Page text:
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How to Invade England

Date: 1803
Overall: 250 × 350 mm
Medium: Ink on paper
Credit Line: ANMM Collection
Object Name: Caricature
Object No: 00054719

User Terms

    A handcloured caricature by and after Isaac Cruikshank titled 'How to Invade England'. It depicts a crowned Napoleon brandishing a sword while pointing a pistol at the head of a shackled John Bull, who is guarded by a French soldier in tattered and ill-fitting clothes.

    This caricature is one of a collection of seventeen created during the Napoleonic wars and highlights the fortunes of the French Emperor Napoleon during his rise and fall. It was during this period that the character of John Bull was created as a representation of the solid English yeoman and the caricatures reflect the attitudes common in England at the time.
    SignificanceThe collection is significant as a contemporary expression of popular British attitudes towards Napoleon and his era. The collection includes works by noted artists James Gillray, Isaac Cruikshank and Thomas Rowlandson and are all original works dating to the first quarter of the 19th century. They are significant in providing a political context for the early years of British settlement in Australia.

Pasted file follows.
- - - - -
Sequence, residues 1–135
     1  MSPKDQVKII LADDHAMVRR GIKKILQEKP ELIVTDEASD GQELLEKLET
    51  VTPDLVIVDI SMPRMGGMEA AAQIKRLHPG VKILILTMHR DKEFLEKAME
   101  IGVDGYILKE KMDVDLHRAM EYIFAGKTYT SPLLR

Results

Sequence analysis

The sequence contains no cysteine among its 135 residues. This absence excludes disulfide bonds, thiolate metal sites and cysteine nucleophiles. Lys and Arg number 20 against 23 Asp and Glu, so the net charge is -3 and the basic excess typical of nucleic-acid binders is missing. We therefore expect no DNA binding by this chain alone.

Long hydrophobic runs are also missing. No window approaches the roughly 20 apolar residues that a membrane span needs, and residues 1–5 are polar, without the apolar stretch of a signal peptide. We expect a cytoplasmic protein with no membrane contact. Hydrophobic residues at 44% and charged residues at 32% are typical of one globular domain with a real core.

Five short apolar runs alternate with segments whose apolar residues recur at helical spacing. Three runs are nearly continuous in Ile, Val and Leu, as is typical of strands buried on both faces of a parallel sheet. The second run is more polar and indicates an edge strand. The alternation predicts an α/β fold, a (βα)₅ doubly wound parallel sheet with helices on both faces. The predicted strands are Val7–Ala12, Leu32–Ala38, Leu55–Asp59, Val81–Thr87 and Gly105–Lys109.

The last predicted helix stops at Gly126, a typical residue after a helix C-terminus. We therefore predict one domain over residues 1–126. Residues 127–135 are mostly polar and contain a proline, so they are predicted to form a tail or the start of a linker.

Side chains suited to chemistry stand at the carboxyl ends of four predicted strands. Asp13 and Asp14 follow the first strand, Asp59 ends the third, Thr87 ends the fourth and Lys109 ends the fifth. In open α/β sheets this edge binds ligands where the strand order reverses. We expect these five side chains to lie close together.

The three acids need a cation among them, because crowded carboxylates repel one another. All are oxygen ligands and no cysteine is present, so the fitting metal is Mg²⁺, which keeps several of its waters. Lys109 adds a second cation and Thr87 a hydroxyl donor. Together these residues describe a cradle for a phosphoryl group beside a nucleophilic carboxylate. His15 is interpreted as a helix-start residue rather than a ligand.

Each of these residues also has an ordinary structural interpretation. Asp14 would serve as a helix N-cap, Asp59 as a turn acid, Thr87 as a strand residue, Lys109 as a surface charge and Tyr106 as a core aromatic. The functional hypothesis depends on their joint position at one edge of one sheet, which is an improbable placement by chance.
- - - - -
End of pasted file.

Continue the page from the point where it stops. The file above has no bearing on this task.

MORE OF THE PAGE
HistoryThis caricature was published shortly after Britain had declared war on France and as the threat of a French invasion became stronger. Cruikshank’s caricature contrasts the liberty enjoyed by John Bull [England] with the tyranny exercised by Napoleon over the French by means of death (represented by the guillotine and coffin).

    Napoleon threatens John with the words: "I tell you John Bull – if you don’t instantly inform me whereabouts in England my army would meet with the best reception, I’ll blow your Brains out, and cut you to Pieces; – but if you tell me right, I’ll set you at / liberty!!"
    John Bull answers: "Mounsheer Bunny Party, you should send over your armies in Brandy Casks; you may smuggle in a million every night – that is the only way in which they will be welcome; for if you shew them in any other shape, men, women, & children will all join to tear them to pieces, so take good advice, & keep your Raggamuffins at home to prevent your own Subjects from asking how you became King – your Heroes will soon have enough to do in their own country. Kill me if you please: I shall never alter my opinion."
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